Second Light Network 2009 Poetry Competition

Copyright of these poems remains with the poets

1st prize: Lynne Wycherley

The Lightning-Horse

Scored in the land,
flash-lit in mind, a solo
rune of light

the Horse stares
from sun-swept chalk
where larks, quanta,

animate the blue,
brief lees
in its luminous eye.


Sifters of dust;
the blink of a trowel.
They brush atoms

from its burning flanks,
tweeze a hairline
story from its hide.

Who will assay it,
read the decay?
Time shivers in electron traps,

feldspar, rubidium’s
slow play,
Roman through Iron,

Iron Age to Bronze
and the digital clock
still spinning.

Now, then –
how it leaps the span –
white lightning.


Through lancets, a sash
of light, the reedy
scratch of a quill

mons alba equi.
Now the Horse whispers
in a house of prayers,

canonical hours,
its outline
rust in vellum.


The scrapers climb
in seven-year waves,
undressing the light

as they sing, backs bent
to its anode arc,
fair-goers behind them –

crab-apple faces,
flagons running dry ’
and all the while

its midsummer firn
melting, returning,
through green.


In the spring wind,
our breath blurred
with the quickened grass

and the cloud-chamfered Horse
lay dreaming
under the ninon

imprint of our skin;
our link
harebell-delicate, young

as if we too
could dare the leap, be
bared to earth, to stars.


It lies, a chalk vein,
in the leaf of our love,
cordite divine,

this fuse we’d live from
even as we age –
a stellar trace

on the startled hill:
                            (‘mons alba equi’ – from Abingdon Cartulary)

Lynne Wycherley

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2nd prize: Margaret Wilmot



                                Sepia, said the homeopath.
                             What you need is sepia.

Cuttlefish seep ink in ropy clouds.
Gratefully, the brain
relaxes into its own sea-medium; murky salts.
Dendrites drift and drink, drift and drink. Stuff of miracles.
A lemon-tree half-glimpsed behind
a city gate sends its axon
deep into the sepia strata which cover
the face of the earth.

And God said, Let there be lemons. Let
knobs of gold hang all over the heavens. Let there be
suns beyond telling.

Light flooded the yellow kitchen.
In his cage the canary awoke and hopped off
his perch for the sheer pleasure of swinging back on again;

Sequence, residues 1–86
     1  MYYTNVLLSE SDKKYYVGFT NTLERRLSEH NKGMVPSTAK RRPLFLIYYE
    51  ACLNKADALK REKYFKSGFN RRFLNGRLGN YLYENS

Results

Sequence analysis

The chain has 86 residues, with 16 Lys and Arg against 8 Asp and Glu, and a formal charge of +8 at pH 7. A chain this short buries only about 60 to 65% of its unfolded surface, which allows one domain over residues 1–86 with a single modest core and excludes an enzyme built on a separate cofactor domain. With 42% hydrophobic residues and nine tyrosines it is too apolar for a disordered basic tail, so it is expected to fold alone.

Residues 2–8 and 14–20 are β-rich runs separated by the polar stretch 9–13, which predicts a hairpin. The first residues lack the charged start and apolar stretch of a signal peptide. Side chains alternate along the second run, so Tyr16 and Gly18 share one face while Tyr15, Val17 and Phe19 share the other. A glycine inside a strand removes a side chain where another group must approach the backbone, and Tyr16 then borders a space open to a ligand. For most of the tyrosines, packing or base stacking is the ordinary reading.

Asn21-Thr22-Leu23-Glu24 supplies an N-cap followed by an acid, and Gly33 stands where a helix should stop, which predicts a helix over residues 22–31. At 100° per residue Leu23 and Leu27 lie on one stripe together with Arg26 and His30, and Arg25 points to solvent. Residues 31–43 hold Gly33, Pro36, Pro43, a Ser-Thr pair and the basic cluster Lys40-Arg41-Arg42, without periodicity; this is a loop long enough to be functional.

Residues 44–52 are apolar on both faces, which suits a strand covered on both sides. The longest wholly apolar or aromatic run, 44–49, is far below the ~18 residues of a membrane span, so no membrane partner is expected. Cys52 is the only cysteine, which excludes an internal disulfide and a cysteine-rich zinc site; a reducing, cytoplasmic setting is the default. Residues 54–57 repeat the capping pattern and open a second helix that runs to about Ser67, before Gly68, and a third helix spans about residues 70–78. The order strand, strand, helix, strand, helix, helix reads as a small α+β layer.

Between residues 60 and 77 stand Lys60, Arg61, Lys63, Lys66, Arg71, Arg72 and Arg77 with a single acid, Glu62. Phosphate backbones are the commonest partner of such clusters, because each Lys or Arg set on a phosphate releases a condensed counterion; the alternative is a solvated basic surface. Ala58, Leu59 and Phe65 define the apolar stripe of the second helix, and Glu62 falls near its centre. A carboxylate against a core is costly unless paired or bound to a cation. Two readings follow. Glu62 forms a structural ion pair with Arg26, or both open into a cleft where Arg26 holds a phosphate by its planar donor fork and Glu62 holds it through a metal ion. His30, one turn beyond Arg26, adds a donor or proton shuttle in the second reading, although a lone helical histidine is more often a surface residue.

then honed his beak, puffed out
his tiny throat feathers and addressed himself
to the business of day: singing.

Light danced on a bleached bone.


                                After a painting by Victor Brauner

In the beginning there were jars
and jars, and a canary singing. Hermetically sealed,
said Grandma; her slippers sprouted little wings as
she rested from her labours. Light
slanted through the apricots, cherries, plums,
and was transformed. The evening sun
trilled notes dyed pomegranate.
Alchemy. The knotted hands
wrought, and look.

From the palette seep tilted planes. Legs
and lips, eye-breast and arrow-heart dance in
a delicacy of desire. Male and Female
paints he them; see we them.
The oils glow. Forgotten the Hermetica.
Thief, herald . . . Even Hermes
might not simply take and give.
Necessity charged him: string
the tortoise-shell, distil the music.

This is the matter. How each space leaks
and spills, stains and weeps into its own alembic.
How the summer light nuzzles a peach from
out its leaf and touches its fuzz with gold.

Margaret Wilmot

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3rd prize: Kay Syrad

"Registering their flora,/their fauna"

                                from Elizabeth Bishop, Crusoe in England

The fog-harvesting beetle has smooth, peaked surfaces
     with troughs of water-repelling wax –
it tilts its back and water-droplets roll into its mouth;

the larvae of the stag beetle live inside dead oak for five years;
     in the iridescent blue beetle the scales are stacked,
layer upon layer, light accumulating;

only in polarised moonlight can the dung beetle
     roll its ball in a straight line;
and the water-beetle carries fish eggs on its fins:

and so she makes you wait,
     her colours placed, geometry in the fold-up
chairs in lantern light – two different lanterns, the lights

swinging, and there – the rose red rock roses;
     listening, and waiting, not even waiting – until all
the winged Madeira beetles have been blown out to sea.

Kay Syrad
poem first published in Poetry Review, Vol.99:2, Summer 2009

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